An object is considered immutable if its state cannot change after it is constructed. Since they cannot change state, they cannot be corrupted by thread interference or observed in an inconsistent state making them useful in concurrent applications.
Switch statement in Java is for decision making. Unlike
if-then-else statements, the
switch statement can have a number of possible execution paths.
Lately, I have been thinking why shouldn't I complie set of questions that I generally include in interviews for mid-senior level Java Developers. Though I am a big fan of algorithm questions in interviews for developer, I believe including these questions either in screening or half of time in second round interview would give chance to hear about candidate's understanding on core concepts of Java 8+. I like these these questions since they include core concepts in Java that developers use in day to day jobs.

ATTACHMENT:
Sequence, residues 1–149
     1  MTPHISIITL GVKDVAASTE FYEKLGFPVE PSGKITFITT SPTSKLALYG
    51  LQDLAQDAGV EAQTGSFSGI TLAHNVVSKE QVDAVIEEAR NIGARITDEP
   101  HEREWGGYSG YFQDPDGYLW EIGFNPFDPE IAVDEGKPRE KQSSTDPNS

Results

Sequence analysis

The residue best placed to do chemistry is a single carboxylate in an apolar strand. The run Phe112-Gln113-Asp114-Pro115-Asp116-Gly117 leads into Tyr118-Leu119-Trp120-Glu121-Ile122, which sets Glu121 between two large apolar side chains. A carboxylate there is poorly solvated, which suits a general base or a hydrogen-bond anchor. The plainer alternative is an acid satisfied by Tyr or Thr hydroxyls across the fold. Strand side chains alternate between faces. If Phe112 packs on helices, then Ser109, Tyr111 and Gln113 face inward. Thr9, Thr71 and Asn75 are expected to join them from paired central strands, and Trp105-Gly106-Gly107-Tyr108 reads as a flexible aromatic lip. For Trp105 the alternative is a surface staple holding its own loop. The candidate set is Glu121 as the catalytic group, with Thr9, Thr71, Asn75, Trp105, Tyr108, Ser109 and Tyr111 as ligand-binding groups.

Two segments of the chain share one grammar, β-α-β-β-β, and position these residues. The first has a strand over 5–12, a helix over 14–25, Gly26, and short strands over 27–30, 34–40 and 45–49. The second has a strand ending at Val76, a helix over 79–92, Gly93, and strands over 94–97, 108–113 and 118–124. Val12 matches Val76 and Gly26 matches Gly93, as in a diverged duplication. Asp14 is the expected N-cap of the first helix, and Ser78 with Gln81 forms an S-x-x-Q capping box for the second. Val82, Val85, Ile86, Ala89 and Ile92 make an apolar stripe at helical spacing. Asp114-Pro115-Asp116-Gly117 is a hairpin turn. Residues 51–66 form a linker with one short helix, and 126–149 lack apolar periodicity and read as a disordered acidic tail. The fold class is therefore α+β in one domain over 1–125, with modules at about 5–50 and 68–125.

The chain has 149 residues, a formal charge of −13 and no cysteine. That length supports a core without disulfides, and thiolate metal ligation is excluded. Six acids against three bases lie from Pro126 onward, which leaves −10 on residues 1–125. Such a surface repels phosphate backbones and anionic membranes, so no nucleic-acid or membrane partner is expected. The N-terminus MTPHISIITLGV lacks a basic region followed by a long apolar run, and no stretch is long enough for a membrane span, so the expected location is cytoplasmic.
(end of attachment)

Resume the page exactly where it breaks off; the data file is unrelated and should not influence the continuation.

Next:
There are three types of selection or decision making statements in Java. First one is
if statement which either performs (selects) an action, if a condition is true, or skips it, if the condition is false. Second is
else statement which performs an action if a condition is true and performs a different action if the condition is false. Third one is
switch statement which performs one of many different actions, depending on the value of an expression.
Objects dynamically created using new operator are deallocated automatically. The technique that accomplishes this is called garbage collection. It works like this: when no references to an object exist, that object is assumed to be no longer needed, and the memory occupied by the object can be reclaimed.